Saturday, September 5, 2009

Computer out of the Hospital

I had no clue where the blaring siren was emanating from or what danger it was trying to warn me about but, judging by the noise level, it was obviously something drastic. Panicked, I ran through the house trying to track its location, finally discovering that it was coming from the computer. The S.O.S. on the screen read: "WARNING! FAN FAILURE! SHUT DOWN AND HAVE SERVICED IMMEDIATELY!"

I instantly pressed the power button to Off. That was on Sunday afternoon. First thing on Monday morning, as soon as they opened, I took it down to Visionary Web. The woman there said it might take a few days to fix it....if it could be fixed. She said he would have to take a look and make a diagnosis. I didn't know who He was but I thought about him in roughly the same way I thought about Dr. Robert after my Dad had his heart attack. The All-Powerful who had my loved one's life in his hands.

My computer is old and faded. I bought it during one of my lowest financial points. It was the cheapest they had at Walmart. It has always done everything I've ever asked of it, never complaining about the clouds of smoke that swirl constantly about its face, never holding it against me when I spilled coffee on its mouse or crumbs into its keyboard. It has held my manuscripts and photos and music downloads with tender, loving care. I love my computer. We are a lot alike. We're getting old but we both keep plugging along. It is one of the least elite of computers; I am one of the least elite of computer users. Many times, it has patiently waited, enduring my curses, as I fiddled and fumbled trying to figure out how to download software or install a program or upload a picture, getting it wrong before I got it right.

While it was in the hospital, I got out my laptop, a much newer computer than the desk top. I hate my laptop. I especially hate the keyboard. I can type about a thousand words a minute on the regular keyboard but I have to resort to hunt and peck on the laptop keyboard. The keys are too close together. There must be a secret "Vanish" key on the laptop keyboard because I'm always sending my Word document or website off into cyberspace without knowing how it happened. Or the cursor mysteriously moves itself to the paragraph above where it was so my words are inserted in the wrong place. Or it creates a new paragraph where I don't want one to be or changes the margins at its own whim. Or I can be right in the middle of reading an interesting article on NASCAR.com when it suddenly shoots me off to a new screen about the history of motor oil.

And I can never quite figure how the cursor pad and buttons equate to a mouse. Or why I have to sign in to Google (which I can never remember my Google password) before I can access my Favorites. Or how to hook the laptop up to a printer.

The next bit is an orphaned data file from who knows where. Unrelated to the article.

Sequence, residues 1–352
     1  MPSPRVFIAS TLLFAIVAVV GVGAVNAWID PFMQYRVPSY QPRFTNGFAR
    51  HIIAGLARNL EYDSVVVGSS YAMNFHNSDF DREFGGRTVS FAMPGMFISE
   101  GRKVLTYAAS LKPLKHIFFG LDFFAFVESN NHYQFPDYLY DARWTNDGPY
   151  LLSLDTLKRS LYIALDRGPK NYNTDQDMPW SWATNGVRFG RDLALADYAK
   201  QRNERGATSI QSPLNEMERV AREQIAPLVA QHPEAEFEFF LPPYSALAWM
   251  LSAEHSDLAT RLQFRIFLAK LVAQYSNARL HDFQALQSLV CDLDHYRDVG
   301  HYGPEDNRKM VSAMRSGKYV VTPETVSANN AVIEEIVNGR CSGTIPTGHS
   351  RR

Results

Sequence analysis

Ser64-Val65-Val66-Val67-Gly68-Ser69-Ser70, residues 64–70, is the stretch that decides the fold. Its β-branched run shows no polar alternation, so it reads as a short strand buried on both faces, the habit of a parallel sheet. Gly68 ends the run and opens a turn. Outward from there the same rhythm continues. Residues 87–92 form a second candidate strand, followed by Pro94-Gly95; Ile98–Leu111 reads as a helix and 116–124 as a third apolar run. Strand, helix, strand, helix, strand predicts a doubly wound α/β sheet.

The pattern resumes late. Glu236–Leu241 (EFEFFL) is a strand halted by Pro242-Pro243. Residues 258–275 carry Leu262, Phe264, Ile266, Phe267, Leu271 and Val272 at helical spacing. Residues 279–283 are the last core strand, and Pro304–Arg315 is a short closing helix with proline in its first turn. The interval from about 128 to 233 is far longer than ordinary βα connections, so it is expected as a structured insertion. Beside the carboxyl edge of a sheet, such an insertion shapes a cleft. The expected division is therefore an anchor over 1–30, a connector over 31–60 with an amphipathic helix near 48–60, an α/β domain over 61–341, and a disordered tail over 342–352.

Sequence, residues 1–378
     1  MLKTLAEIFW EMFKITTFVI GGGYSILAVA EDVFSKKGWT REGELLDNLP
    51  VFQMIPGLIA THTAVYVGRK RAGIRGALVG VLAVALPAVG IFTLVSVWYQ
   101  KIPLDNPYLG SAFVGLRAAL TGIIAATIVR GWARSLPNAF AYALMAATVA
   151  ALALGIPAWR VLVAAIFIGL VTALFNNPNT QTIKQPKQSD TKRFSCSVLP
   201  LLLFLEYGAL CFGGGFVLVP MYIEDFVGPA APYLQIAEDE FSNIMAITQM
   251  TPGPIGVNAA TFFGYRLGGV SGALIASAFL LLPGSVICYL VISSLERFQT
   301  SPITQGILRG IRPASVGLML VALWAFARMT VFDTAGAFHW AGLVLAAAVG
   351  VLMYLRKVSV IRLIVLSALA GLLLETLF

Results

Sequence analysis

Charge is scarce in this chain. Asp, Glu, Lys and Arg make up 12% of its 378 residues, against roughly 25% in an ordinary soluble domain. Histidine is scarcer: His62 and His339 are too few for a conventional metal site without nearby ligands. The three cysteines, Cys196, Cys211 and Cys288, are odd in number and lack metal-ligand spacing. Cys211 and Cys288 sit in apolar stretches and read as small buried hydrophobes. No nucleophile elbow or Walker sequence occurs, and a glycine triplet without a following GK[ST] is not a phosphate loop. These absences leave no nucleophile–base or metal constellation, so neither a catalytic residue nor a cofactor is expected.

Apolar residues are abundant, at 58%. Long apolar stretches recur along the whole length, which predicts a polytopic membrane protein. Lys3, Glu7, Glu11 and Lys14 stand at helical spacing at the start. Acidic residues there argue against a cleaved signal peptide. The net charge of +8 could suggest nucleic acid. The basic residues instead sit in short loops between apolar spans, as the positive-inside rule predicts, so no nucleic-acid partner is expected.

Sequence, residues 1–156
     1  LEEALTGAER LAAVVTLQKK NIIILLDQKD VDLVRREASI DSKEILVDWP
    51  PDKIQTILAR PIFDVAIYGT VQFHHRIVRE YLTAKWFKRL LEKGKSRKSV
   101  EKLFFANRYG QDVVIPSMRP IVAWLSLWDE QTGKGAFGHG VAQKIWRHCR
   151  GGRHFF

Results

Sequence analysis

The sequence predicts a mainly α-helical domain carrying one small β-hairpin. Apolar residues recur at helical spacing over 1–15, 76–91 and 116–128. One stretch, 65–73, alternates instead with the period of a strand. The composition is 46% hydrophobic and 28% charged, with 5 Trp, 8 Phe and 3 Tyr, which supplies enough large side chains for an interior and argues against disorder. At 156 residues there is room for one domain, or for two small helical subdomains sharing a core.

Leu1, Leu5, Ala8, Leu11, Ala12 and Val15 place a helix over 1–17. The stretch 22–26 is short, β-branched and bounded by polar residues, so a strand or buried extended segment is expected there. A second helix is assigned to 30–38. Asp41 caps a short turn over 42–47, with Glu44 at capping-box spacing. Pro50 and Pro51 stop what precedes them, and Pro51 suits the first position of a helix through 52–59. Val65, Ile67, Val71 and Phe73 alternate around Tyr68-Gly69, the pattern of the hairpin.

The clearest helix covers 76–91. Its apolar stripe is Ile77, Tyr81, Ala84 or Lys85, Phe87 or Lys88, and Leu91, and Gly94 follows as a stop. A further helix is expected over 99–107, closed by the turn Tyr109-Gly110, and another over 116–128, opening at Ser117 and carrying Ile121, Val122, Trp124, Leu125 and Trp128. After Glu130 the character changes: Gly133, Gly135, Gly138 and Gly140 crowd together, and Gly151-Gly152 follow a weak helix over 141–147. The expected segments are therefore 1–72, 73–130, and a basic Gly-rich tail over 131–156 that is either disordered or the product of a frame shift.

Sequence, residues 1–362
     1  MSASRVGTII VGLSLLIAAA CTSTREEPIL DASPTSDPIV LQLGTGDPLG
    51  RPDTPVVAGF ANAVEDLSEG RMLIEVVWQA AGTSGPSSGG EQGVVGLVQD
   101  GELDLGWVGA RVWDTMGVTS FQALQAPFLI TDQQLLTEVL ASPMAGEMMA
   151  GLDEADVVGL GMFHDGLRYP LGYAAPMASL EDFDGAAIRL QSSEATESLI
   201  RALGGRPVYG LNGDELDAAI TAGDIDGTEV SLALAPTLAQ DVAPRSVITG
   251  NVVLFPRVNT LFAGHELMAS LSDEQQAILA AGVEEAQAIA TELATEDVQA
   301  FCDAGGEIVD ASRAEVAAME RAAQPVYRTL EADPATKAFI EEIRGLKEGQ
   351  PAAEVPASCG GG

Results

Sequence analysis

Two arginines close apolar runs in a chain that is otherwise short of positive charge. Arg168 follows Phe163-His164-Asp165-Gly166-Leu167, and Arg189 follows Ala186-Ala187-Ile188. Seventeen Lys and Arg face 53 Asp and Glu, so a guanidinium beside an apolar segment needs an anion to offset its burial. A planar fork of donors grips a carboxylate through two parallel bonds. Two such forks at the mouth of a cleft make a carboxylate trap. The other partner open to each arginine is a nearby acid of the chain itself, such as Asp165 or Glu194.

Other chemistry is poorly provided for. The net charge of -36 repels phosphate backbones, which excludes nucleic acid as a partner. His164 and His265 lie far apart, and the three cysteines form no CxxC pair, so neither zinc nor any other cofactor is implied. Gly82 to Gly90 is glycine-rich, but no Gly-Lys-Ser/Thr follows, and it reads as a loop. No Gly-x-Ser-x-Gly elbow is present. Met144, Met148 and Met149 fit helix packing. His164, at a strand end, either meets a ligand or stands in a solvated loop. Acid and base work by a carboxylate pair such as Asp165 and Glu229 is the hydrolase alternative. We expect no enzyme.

Anyway, I never quite appreciated how much of a friend my old computer really was, especially in the mornings. My days start with the computer and cigarettes and coffee and silence. Reading my e-mail, catching up on Facebook, roaming through the NASCAR sites, writing on a manuscript. There was a huge gap when I had to do all these things with the laptop, which seemed to enjoy being as uncooperative as possible.

By Friday, I was beside myself. I thought Monday through Friday consisted of "a few days" and I didn't want to go into a long weekend without the computer. So, I called. It seemed they'd been trying to get a'hold of me but called my office where I wasn't, to leave a voice mail asking my permission to run an intensive scan.

"Yes, yes, whatever it takes," I said, "but please, please, try to have it done before the weekend."

They did and it was. I brought it home Friday evening at about 6:00 p.m. Turned out, the only thing wrong was that it was filthy inside. The fan blades were so covered with dirt and dust, they couldn't go around. Besides cleaning out the physical dirt, He also cleaned out old files and registry errors and checked for viruses.

I brought it home. Hooked it up. It has a new lease on life. It's faster than before with all the crud cleaned out of both its innards and its memory. I typed some just for the sake of typing. My fingers flew, hitting only the correct keys. I checked out all my Favorites, just because I could.

I patted it. "I'm so glad to have you home."
"So, are you going to quit smoking in my face?" it asked.
"No," I replied, "but I might not wait until you are on the critical list before I take you for a check up next time."
I thought I heard it sigh but I could have just imagined it.